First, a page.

• Environmental design guidelines and standards to facilitate emergency management and cost/benefit analyses in risk mitigation
    • Reconstruction planning
  • Administrative Sciences:
    • Organizations and legal structures in disaster management
    • Participatory methods in disaster mitigation
    • Conflict resolution and management with multiple stake-holders
  • Economics:
    • Comparative analysis of disaster losses and estimation methods
    • Cost-effectiveness in mitigation
    • Economics of disaster relief
    • Effectiveness in insurance
  • Sociology:
    • Risk minimizing behavior for resilient communities
    • Post-disaster social collaboration
    • Survival and the risk society
    • Communications and media
  • Psychology:
    • Perception of risks
    • Awareness raising and public education
    • Psychology and behavior of survivors
    • Provision of psychological support





First Semester Second Semester
EQS 505 Fundamentals of Earthquake Studies
CP 562 Urban Risks and Planning
EQS 506 Principles of Disaster Resilience
EQS 501 Earthquake Disaster Policies or EQS 508 Principles of Disaster Risk Reduction
2 elective courses
Third Semester Fourth Semester
CRP 509 (Ethics without credits)
1 elective courses
EQS 590 Seminar (0-2) NC
EQS 500 M.S. Thesis (0-2) NC

Students who have taken any of the compulsory courses earlier will take elective courses instead.

M.S. Program (with Thesis)

4 compulsory courses
3 elective courses
1 Studio (4 credits)
EQS 590 Seminar (0-2) NC
EQS 500 M. S. Thesis (0-2) NC
8 courses 24 credits



Courses for Disaster Management


  • Compulsory Courses
    • EQS 501 Earthquake Disaster Policies
    • EQS 505 Fundamentals of Earthquake Studies or EQS 503 Seismology
    • CP 562 Urban Risks and Planning
    • PSY567 Psychological and Social Aspects of Disasters
    • CP 507 Disasters Studio (4 credits)
    • EQS 590 Seminar
    • Elective Courses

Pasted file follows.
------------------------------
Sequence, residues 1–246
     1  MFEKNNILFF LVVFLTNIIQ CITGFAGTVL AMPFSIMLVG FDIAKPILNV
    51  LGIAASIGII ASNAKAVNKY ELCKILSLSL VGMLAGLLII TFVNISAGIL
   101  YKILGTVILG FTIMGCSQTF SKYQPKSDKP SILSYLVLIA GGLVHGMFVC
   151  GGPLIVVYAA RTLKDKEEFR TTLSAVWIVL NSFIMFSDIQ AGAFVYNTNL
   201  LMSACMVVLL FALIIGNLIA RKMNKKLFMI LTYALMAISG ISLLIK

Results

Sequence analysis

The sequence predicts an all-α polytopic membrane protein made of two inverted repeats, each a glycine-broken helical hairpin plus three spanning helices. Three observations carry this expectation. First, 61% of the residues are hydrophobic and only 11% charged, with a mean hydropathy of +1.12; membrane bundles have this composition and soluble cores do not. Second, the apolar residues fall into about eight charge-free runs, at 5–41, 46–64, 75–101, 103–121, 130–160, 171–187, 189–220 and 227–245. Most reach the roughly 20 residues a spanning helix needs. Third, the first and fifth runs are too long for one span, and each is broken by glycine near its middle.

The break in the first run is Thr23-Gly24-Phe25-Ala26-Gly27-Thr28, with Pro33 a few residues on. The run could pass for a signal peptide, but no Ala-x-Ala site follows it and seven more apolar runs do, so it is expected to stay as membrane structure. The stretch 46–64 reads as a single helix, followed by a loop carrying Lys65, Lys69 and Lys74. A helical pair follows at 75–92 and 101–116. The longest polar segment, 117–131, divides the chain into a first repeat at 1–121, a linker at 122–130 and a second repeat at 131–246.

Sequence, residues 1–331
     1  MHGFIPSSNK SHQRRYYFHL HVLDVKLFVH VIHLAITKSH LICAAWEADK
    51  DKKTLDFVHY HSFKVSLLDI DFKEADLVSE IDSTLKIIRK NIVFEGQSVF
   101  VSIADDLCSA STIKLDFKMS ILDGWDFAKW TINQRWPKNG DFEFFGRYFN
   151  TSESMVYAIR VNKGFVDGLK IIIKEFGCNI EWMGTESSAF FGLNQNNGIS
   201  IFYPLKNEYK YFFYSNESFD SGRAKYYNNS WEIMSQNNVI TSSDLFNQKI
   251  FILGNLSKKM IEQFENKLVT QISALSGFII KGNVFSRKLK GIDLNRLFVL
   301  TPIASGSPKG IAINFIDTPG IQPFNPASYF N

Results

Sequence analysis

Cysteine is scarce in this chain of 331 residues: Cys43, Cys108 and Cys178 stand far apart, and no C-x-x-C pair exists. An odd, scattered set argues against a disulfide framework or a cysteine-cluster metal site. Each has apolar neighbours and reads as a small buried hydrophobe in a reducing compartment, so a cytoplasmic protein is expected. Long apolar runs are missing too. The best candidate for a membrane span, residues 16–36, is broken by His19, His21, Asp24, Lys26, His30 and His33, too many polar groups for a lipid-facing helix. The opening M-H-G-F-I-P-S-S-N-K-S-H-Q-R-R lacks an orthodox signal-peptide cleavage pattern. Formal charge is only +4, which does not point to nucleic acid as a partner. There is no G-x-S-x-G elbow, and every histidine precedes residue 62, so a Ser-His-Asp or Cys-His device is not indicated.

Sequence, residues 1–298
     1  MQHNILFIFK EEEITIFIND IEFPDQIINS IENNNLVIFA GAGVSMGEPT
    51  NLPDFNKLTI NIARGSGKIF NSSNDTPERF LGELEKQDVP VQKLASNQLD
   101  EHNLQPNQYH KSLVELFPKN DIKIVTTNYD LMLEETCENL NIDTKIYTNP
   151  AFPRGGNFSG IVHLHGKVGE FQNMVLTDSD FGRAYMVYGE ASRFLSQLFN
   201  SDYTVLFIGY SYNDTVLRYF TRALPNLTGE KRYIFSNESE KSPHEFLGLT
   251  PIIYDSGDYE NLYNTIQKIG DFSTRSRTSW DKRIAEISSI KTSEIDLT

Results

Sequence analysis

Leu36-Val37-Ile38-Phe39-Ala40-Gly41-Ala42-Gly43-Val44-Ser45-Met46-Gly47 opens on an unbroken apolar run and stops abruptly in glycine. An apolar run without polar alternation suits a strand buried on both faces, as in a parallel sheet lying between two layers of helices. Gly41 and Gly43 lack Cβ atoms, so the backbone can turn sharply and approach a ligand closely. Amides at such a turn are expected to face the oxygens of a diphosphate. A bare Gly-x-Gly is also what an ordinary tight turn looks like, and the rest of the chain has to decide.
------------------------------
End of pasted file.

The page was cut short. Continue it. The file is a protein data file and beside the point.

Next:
Earthquake Studies Program Courses

      • EQS 507 Ionospheric Effects as the Precursors of the Earthquake

Department of Civil Engineering Courses

      • Introduction to Earthquake Resistant Design (CE 490)
      • Engineering Decision and Risk Analysis (CE 735)
      • Structural Health Monitoring (CE 5802)

Department of City and Regional Planning Courses

      • Urban Risks and Planning (CP 562)

Department of Geological Engineering Department Courses

      • Geographic Information Systems in Earth Sciences (GEOE 557)

Geodetic and Geographic Information Technologies Program

      • GIS and RS in Disaster Management (GGIT 532)
      • Principles of Remote Sensing (GGIT 560)

Department of Architecture Courses

      • Diagnosis and Treatment of Structural Faults and Material Decay (REST 555)
      • Earthquake Resistant Building Design in Architecture (BS 535)
      • Studies on Tall Buildings: Design Considerations (BS 536)
      • Fire Control in Architecture (BS 587)

Department of Philosophy Courses

      • Eco-Philosophy: Philosophy of Environment I-II (PHIL 571-572)
      • Environmental Ethics (PHIL 588)
      • Ethics and Decision Making (PHIL 585)

Department of Psychology

      • Psychology of Disasters (PSY 445)

Department of Economics Courses

      • Economics of Uncertainty and Information (ECON 450)

Note: Number of alternative elective courses can be increased.